Media companies are in the midst of fundamental transformation. For those reconfiguring their business models, consolidation into larger entities seems an obvious strategy for survival, and there's growing pressure for a more relaxed approach to concentration of media ownership. Such industrial pragmatism, however, collides with the need for diversity of voice in a healthy democracy. Such tensions raise crucial questions about the nature and significance of different ownership regimes for journalism. It's important that we understand the trajectory of current policy thinking and explore alternative and more creative policy initiatives which might promote diversity without prejudicing business interests. Media Ownership, Journalism and Diversity analyses these issues within the UK using evidence gathered from personal interviews with senior policy makers and through analysis of evidence to a 2008 House of Lords select inquiry committee on news and media ownership, for which the author was specialist advisor. The material is set within a broader international context, and up through the period of the News Corp hacking crisis.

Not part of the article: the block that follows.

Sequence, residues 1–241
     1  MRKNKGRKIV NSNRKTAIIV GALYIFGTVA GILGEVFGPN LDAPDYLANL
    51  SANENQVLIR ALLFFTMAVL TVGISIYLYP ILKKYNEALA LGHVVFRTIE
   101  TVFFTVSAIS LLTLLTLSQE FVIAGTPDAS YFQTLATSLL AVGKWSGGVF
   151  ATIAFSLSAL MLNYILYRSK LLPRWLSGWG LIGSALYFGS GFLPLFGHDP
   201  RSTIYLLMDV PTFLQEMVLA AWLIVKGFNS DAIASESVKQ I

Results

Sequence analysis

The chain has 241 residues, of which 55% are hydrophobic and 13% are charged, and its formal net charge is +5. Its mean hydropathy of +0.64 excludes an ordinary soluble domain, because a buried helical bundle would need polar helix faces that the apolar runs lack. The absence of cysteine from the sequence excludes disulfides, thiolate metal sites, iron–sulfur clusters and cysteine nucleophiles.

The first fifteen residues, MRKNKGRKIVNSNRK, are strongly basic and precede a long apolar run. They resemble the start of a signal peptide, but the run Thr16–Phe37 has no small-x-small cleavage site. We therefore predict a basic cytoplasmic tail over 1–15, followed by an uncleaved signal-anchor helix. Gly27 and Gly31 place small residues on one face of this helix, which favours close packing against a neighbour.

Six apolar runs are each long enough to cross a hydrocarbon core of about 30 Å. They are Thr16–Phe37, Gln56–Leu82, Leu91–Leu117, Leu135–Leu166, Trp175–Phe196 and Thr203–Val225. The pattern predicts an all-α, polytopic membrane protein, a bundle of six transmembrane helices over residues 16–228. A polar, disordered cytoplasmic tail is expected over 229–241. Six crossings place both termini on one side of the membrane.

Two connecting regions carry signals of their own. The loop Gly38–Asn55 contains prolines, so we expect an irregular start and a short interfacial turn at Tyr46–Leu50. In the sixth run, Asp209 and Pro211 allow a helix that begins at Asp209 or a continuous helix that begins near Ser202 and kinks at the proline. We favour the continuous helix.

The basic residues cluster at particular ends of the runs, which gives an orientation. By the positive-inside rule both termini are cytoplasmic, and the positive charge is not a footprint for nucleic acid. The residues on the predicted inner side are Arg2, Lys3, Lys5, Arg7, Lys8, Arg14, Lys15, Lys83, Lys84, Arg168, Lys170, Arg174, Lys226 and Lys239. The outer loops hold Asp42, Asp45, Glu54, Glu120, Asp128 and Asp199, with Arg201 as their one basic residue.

Adopting a truly global, theoretical and multidisciplinary perspective, Media Pluralism and Diversity intends to advance our understanding of media pluralism across the globe. It compares metrics that have been developed in different parts of the world to assess levels of, or threats to, media pluralism.